In a virtual town hall on Tuesday afternoon, Provost Charles Taber said the university will be giving students the option to use an A/pass/fail grading system.
“We’ve really been trying to think about how we can relieve some of that pressure on students,” Taber said. “One of the decisions that we’ve been thinking about really for the last week — and we’ve been consulting students, faculty academic staff, our faculty senate and governance systems, other universities, KBOR — this has been the issue of pass/fail, our grading policy for the semester, and we have decided … that we are going to extend the option of the A/pass/fail.”
The grading system would look slightly different for graduates versus undergraduates. Undergraduates would receive an A if they get an A, a pass if they get a B, C or D and a fail if they receive an F. Graduates will have the same markings, except they will receive a fail if they receive an F or a D.
Taber said that students would be able to pick what classes they want to use the system for, if any. He stressed that students should consult their academic advisers prior to choosing the option.
“If you’re considering taking this — and remember you have until the end of the semester to make this decision so it would not be wise to jump on it right away — you need to take some time and see where you stand and talk to your adviser and make sure that it’s the right decision for you,” Taber said.
Students will have until May 8 to chose whether they want to make use of the A/pass/fail option. These options are available to students on all Kansas State campuses.
It was not discussed how these options would impact students’ Grade Point Averages.
Taber was joined by President Richard Myers and Thomas Lane, vice president of student life and dean of students. Chief information officer Gary Pratt also answered questions regarding internet safety. Student body president Jansen Penny moderated the conversation.
One of the first questions asked regarded the Privilege Fee and the possibility of a partial refund. Lane said they decided not to give a refund for several reasons.
“The first one is that, for example the Union and Rec Center have bond obligations that they need to make payments on, just like folks might have a mortgage to pay on their house — those payments have got to be made,” Lane said. “Utilities still have to be paid on those facilities, there’s equipment repair [and] equipment replacement that’s occurring in some of our program areas, we have contracts that we have for the spring that are going to be moved over to the fall and those need to be paid for.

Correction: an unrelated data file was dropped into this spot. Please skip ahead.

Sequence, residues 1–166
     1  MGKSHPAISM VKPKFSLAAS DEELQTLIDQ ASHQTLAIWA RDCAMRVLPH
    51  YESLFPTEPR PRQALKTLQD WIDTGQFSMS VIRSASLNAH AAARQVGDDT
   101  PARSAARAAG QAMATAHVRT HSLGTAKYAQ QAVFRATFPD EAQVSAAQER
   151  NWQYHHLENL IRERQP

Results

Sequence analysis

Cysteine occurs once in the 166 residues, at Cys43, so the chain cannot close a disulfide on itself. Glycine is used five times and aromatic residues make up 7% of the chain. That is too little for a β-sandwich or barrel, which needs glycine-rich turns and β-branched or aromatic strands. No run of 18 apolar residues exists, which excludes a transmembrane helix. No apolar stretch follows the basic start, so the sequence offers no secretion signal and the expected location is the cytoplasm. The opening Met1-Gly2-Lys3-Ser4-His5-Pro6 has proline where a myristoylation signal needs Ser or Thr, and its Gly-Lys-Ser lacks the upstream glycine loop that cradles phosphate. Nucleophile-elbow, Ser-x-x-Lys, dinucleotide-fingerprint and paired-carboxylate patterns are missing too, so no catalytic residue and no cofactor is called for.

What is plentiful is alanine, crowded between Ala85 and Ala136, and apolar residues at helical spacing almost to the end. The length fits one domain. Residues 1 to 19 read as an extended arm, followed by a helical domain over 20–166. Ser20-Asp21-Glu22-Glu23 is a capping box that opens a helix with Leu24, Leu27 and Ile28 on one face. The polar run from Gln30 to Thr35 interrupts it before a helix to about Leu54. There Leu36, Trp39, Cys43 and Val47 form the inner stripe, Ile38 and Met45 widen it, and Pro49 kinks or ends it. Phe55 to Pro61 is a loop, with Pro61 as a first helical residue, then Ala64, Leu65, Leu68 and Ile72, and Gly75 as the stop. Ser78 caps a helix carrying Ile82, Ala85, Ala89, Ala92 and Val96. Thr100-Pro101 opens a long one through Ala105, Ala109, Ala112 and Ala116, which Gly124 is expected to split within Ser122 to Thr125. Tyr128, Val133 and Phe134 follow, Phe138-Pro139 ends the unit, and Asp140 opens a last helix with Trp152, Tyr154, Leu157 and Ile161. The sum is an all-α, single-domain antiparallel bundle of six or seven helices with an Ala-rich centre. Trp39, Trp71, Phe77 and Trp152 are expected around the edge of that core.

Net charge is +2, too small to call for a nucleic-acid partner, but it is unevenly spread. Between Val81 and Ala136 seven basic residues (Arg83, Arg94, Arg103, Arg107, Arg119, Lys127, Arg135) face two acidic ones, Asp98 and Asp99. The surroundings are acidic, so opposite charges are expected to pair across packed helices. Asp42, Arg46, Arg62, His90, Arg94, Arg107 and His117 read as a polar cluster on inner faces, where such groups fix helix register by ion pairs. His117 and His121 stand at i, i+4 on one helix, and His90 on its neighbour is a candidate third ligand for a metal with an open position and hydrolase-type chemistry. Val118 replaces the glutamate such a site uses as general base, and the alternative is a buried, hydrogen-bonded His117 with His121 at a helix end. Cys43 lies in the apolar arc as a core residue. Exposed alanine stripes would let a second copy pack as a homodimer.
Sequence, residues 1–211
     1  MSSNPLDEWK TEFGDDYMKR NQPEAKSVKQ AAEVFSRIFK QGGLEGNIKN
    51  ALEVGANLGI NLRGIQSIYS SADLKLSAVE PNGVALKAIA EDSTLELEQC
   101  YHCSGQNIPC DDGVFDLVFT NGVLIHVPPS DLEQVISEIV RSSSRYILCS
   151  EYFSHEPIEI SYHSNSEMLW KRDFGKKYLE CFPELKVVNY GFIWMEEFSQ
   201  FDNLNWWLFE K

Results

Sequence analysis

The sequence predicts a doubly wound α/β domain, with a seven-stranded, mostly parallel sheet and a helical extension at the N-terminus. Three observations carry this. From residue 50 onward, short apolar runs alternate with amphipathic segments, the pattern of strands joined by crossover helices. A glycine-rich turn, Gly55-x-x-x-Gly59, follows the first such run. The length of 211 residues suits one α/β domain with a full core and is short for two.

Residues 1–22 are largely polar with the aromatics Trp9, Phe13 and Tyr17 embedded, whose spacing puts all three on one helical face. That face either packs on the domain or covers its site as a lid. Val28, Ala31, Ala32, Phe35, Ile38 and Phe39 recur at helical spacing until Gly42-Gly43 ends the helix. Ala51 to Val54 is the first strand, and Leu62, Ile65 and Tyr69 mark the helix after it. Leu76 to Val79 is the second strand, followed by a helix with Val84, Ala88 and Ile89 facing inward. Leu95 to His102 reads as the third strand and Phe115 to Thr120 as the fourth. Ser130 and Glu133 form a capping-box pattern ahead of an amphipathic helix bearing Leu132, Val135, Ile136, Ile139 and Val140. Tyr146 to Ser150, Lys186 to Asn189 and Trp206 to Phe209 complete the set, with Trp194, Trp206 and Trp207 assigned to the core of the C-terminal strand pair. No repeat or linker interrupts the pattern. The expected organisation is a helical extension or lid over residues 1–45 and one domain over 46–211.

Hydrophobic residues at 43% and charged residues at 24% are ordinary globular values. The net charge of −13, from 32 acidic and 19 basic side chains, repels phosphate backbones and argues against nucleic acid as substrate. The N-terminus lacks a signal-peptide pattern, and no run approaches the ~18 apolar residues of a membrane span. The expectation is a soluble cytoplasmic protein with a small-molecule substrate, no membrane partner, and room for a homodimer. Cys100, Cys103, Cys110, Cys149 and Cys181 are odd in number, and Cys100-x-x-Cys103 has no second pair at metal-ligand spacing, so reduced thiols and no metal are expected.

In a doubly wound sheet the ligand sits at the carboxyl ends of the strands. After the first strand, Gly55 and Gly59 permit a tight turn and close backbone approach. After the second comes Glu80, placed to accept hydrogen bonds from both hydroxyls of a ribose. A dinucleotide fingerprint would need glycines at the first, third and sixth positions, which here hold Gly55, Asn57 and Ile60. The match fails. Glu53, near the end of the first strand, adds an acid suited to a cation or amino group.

“Also, we have student employees that are in both of those areas or throughout the privilege fee area, in addition to full time staff that are still being paid so those are all of the factors that went into that decision,” Lane continued.
Lane went on to say that housing and dining will likely be providing a prorated refund, though they are still working out the details. The refunds would go directly into the student’s KSIS account.
Lane discussed a potential refund for parking services as well.
Taber addressed questions about cancelling spring commencement. He said despite all the input they had, they wouldn’t possibly be able to accommodate all the different needs.
“We will be planning to do other forms of celebration. I know for example that the colleges are planning to do … some form of separate celebration for their graduates who are not able to attend the December commencement,” he said. “We don’t have anything solid for me to tell you now, but we are certainly aware of this issue and we’re going to try to … think of something that will be [a] really wonderful K-State celebration for everybody.”
Myers addressed concerns about construction going on around campus. The Morris Family Multicultural Center, for instance, will remain under construction, but the project could see delays. The same applies to Hale Library, he said.
Additionally, Lane said there are still 36 students who remain in the residence halls, and 25 of those students are international.
“Those were one of the few allowances that we provided in housing and dining for students to remain in the residence halls,” Lane said. “So it could have been an extreme financial hardship, an international student who may not be able to make it back home to their permanent home. It could also have been a domestic student who for whatever reason might have found themselves homeless, based upon the decision that we made to close the residence halls.”
Taber said the university has started making plans to extend online classes into the fall.
“Certainly we are starting to plan for that for that possibility,” Taber said. “And so … we would have a lot more time to ramp that up and so we would have the opportunity to really develop with the faculty their courses prior to that if that’s what we know is coming down the pike.”
Myers said he hoped to have the opportunity to do another town hall in the future.
“Nobody in the K-State family says no when we have a problem,” Myers said. “People pitch in to see how we can make things happen make it better for students for faculty for staff, whatever it is. We’ve got some hard times and hard decisions ahead of us.”